-Signers of the Declaration
-Signers of the A. O. C.
-Signers of the U. S. Constitution
-Wives of the Signers
In the following year, the legislature of Pennsylvania took measures for calling a convention, to consider in what respects their state constitution required alteration and amendment. This convention commenced its session on the 24th of November, 1789; Mr. M'Kean appeared and took his seat as a delegate from the city of Philadelphia. When the convention resolved itself into a committee of the whole, on the subject of altering or amending the constitution, he was appointed chairman. During the whole of the deliberations, he presided with great dignity and ability, for which he received the unanimous thanks of the convention. In 1779, Mr. M'Kean was elected to the chief magistracy of the state of Pennsylvania. His competitor at this time, was the able and distinguished James Ross. Mr. M'Kean belonged to the politics of Mr. Jefferson, to whose elevation to the presidency of the United States, his election is supposed to have powerfully contributed. The administration of Mr. M'Kean was marked with ability, and with ultimate benefit to the state; yet the numerous removals from office of his political opponents, produced great excitement in the state, and, perhaps, upon the whole, betrayed, on his part, an unjustifiable degree of political asperity.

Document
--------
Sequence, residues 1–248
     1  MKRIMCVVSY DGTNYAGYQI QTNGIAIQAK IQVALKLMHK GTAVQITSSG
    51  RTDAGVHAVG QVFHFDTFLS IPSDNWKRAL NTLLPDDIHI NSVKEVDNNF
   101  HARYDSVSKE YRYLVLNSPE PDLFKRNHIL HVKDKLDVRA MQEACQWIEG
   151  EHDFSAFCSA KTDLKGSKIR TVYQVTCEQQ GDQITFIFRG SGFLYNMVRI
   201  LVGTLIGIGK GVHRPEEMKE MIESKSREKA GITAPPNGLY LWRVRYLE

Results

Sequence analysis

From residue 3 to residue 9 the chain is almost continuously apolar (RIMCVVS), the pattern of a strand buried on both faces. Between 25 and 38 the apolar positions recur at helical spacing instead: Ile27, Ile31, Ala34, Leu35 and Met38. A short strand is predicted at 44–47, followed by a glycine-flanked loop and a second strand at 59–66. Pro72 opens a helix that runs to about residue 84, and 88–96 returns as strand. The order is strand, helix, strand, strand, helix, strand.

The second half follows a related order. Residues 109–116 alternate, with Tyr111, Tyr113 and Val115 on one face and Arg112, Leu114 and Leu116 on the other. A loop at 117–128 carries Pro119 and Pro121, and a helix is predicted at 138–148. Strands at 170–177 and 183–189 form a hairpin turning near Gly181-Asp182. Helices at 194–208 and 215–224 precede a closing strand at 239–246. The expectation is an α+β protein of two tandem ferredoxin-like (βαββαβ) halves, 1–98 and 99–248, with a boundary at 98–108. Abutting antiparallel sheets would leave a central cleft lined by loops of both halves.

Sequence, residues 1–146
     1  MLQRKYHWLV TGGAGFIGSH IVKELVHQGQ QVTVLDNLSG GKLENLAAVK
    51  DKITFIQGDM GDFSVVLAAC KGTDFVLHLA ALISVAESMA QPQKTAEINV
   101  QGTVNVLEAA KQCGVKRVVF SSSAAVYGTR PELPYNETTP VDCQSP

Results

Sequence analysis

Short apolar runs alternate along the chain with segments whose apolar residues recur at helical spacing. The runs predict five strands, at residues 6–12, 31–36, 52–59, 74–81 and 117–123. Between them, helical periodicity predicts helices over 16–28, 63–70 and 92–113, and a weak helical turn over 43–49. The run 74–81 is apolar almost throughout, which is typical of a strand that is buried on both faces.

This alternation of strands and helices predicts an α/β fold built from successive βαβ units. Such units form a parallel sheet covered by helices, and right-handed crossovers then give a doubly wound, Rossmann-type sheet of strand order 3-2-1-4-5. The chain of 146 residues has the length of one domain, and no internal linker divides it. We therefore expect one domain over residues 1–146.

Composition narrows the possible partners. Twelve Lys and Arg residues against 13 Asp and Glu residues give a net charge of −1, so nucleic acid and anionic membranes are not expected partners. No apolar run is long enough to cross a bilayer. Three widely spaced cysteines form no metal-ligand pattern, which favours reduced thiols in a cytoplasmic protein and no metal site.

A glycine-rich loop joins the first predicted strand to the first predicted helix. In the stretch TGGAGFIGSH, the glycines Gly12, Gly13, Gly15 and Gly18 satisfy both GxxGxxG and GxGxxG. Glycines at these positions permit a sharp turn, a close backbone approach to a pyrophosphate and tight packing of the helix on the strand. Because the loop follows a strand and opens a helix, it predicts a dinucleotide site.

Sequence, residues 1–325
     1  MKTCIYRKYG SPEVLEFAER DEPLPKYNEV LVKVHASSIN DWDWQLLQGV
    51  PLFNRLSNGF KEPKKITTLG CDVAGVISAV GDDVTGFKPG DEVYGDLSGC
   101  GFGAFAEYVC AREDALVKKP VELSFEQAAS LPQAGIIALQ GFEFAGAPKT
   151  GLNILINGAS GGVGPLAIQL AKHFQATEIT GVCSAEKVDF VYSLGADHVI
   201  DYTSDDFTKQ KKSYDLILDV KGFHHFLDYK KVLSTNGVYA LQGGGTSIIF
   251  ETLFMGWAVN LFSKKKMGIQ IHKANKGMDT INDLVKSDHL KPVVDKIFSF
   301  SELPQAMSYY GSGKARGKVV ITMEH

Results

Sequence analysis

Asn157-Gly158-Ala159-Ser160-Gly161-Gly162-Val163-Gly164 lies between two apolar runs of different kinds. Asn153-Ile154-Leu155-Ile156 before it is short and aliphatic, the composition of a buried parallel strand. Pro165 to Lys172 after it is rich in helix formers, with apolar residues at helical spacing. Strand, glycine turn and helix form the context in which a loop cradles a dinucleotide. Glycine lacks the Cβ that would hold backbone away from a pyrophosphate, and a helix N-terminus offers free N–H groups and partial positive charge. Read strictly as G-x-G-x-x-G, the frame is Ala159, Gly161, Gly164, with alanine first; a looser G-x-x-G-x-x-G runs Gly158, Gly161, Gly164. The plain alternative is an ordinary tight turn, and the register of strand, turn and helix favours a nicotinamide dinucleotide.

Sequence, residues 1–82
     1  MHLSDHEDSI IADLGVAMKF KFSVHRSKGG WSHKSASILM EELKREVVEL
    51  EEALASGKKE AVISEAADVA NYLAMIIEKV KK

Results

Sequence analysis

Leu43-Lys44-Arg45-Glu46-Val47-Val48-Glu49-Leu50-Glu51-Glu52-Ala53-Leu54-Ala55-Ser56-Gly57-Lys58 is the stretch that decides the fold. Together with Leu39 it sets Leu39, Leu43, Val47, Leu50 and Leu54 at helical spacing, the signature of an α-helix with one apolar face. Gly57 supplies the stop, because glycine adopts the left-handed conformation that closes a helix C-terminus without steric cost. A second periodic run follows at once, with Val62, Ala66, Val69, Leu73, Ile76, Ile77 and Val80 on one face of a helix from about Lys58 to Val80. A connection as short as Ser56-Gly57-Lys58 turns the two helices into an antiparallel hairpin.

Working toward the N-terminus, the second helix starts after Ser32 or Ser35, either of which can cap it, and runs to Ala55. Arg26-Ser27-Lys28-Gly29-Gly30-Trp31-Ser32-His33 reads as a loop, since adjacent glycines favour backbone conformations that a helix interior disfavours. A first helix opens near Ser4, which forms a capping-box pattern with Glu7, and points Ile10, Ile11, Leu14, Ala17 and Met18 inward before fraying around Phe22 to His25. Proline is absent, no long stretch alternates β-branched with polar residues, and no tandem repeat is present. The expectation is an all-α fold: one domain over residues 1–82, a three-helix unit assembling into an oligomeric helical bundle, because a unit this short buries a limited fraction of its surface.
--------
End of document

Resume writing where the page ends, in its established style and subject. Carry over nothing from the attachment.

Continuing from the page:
During the years 1807 and 1808, through the influence of a number of the citizens of the city and county of Philadelphia, an inquiry was instituted by the legislature into the official conduct of Governor M'Kean. The committee appointed for this purpose reported to the legislature:
Designed and Edited by John Vinci